HEALTH NEWS

How Financial Stress Can Affect Your Unborn Child

Written by Kimberly Holland on May 2, 2017

pregnancy stress

Pregnancy is supposed to be one of the happiest periods of a mother’s life.

Your body supporting the life of a growing baby.

Setting up a nursery and buying tiny, adorable clothes.

Readying your world for the arrival of this new bundle of joy.

However, for many pregnant women, those nine months before the baby arrives are also filled with worry and anxiety.

New research reveals that stress can have a lasting impact on your baby.

In particular, women who feel anxious or stressed about finances during pregnancy are more likely to have babies with a lower birth weight, according to the study published in the Archives of Women’s Mental Health.

Read more: The incredible shrinking brain of new mothers »

What the study found

Researchers at the Institute for Behavioral Medicine Research at The Ohio State University Wexner Medical Center asked 138 pregnant women to assess their pregnancy-related stress and anxiety.

The major areas of pregnancy-specific distress included worries about labor and delivery, concerns over changing relationships, and fears of health issues for the baby.

But it was financial distress that researchers found had the greatest impact on the baby’s health at the time of delivery.

“Having a new baby on the way can exacerbate financial concerns within a household,” Amanda Mitchell, PhD, postdoctoral researcher at the Wexner Medical Center, and lead author of the study, told Healthline. “This means that psychological interventions which address pregnancy-related anxiety, such as helping women and their partners prepare for changes in their work, childcare, and medical expenses, could be a good target to help reduce the adverse effects of financial stress on infant birth weight.”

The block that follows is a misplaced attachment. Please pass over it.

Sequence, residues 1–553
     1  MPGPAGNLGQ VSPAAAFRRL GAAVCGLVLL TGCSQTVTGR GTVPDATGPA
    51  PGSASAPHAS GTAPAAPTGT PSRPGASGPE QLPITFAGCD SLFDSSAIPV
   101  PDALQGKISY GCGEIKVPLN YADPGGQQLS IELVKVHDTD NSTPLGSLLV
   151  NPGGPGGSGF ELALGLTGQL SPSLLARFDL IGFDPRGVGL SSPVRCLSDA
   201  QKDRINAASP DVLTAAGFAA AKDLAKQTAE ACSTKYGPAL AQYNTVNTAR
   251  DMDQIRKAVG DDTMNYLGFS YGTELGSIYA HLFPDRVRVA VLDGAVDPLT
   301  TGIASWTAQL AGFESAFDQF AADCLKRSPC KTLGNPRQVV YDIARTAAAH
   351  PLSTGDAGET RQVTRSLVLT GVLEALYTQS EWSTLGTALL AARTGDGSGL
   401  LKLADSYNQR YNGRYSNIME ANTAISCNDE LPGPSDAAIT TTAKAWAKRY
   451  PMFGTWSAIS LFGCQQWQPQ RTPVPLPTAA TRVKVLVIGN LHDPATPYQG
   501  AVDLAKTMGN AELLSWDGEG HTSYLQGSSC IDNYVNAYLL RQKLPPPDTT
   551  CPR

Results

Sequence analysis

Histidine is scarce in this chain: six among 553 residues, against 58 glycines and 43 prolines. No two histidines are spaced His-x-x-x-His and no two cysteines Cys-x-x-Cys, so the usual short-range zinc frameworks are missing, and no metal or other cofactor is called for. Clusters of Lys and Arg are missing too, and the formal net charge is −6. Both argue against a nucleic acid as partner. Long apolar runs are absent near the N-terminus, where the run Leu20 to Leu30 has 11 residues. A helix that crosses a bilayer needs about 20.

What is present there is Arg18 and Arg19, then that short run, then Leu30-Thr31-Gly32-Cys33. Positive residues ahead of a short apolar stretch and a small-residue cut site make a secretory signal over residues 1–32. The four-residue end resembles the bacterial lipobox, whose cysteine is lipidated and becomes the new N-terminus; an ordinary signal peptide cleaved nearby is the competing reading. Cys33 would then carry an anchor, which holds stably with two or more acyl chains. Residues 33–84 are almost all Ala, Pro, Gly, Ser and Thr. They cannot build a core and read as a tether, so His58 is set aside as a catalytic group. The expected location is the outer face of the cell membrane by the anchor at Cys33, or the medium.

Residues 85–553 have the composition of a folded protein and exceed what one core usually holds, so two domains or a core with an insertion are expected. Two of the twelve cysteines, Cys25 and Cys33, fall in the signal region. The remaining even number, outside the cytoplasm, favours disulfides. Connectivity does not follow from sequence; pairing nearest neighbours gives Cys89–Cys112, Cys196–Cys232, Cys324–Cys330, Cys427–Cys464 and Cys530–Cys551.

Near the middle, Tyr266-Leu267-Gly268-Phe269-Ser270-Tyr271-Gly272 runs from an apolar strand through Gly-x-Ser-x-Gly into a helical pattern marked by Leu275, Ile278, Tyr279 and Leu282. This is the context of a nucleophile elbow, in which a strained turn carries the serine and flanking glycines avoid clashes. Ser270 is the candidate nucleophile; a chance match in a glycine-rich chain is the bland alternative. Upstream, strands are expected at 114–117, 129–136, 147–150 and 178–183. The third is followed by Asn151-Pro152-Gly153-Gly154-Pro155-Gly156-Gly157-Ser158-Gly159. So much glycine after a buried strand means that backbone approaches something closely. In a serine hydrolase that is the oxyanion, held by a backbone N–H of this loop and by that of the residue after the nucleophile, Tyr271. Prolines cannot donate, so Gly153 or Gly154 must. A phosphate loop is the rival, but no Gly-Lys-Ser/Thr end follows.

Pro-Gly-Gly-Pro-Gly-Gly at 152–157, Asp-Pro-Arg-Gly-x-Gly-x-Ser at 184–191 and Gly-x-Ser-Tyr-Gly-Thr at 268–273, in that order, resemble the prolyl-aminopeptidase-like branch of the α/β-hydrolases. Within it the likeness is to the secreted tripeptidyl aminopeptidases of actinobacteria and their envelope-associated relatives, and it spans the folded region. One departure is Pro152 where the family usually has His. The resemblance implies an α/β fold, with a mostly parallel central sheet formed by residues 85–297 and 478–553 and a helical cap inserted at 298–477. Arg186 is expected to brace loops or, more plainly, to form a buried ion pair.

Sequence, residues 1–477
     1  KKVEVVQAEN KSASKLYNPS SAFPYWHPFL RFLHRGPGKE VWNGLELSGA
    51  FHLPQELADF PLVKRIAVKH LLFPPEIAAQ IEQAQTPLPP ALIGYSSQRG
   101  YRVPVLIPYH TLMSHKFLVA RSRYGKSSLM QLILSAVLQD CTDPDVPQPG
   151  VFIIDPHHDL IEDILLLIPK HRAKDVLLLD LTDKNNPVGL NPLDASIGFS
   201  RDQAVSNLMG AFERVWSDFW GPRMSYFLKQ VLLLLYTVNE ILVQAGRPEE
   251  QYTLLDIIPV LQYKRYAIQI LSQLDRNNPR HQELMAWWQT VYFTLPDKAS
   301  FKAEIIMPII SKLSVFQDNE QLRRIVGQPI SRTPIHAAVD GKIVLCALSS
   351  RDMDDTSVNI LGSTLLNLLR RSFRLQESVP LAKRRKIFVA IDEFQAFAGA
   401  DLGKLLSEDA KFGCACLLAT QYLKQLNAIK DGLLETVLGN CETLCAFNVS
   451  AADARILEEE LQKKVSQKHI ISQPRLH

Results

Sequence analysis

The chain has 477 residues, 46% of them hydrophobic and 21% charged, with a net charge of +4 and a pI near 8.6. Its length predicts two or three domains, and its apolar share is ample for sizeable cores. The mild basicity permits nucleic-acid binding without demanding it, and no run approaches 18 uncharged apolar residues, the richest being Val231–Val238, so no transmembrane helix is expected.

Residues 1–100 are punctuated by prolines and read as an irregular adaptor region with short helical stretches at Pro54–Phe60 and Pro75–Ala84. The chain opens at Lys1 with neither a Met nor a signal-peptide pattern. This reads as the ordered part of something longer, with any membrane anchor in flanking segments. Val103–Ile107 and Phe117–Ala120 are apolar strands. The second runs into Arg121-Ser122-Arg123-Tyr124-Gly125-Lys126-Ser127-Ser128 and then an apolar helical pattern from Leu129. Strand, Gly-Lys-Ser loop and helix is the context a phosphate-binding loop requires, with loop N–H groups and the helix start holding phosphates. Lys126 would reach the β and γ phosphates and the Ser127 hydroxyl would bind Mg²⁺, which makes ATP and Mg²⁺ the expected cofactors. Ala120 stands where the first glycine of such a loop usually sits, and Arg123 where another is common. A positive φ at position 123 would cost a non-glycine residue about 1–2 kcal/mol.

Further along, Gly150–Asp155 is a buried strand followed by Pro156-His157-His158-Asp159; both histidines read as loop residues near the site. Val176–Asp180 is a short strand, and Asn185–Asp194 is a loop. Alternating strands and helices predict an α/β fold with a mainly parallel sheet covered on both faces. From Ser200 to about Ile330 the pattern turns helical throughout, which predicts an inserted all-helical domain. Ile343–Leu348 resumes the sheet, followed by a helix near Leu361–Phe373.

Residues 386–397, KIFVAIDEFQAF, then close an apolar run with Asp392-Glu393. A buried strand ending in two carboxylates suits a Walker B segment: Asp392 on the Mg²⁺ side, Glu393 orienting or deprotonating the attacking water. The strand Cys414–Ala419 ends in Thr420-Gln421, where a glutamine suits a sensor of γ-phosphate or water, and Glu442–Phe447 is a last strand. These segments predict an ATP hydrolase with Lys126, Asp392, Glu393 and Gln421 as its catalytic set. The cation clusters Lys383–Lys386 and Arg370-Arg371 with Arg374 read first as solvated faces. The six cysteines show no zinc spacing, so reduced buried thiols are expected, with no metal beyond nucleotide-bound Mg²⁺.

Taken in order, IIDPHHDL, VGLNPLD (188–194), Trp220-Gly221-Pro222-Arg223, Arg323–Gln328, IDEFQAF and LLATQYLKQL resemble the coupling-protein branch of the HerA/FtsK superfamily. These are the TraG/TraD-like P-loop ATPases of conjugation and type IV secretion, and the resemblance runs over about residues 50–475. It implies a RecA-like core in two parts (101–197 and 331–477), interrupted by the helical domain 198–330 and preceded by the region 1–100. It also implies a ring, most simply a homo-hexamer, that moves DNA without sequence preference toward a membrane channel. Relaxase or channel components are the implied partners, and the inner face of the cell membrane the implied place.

To assess a woman’s financial well-being, the study investigators asked three questions:

  1. How difficult is living on your current income?
  2. How likely is it that your family will experience financial hardships, such as inadequate housing, food, and medical care, in the next two months?
  3. How likely is it you’ll have to reduce your standard of living to make ends meet?

After the women’s babies were born, the researchers reviewed medical records from the delivery to compare the baby’s birth weight with the mother’s survey responses.

While the number of babies with low birth weights was small — 11 of the babies were born at a low birth weight — the link was clear to researchers.

Women who demonstrated the greatest financial hardship were more likely to have babies with a low birth weight.

Low birth weight is considered 5 pounds, 5 ounces or lower. About 8 percent of babies born in the United States are born under this threshold.

Low birth weight is a life-long concern.

Babies born underweight are more likely to need expensive intensive care in the first weeks and months of life.

They are also more likely to develop chronic medical issues, including respiratory and digestive problems, heart disease, and obesity.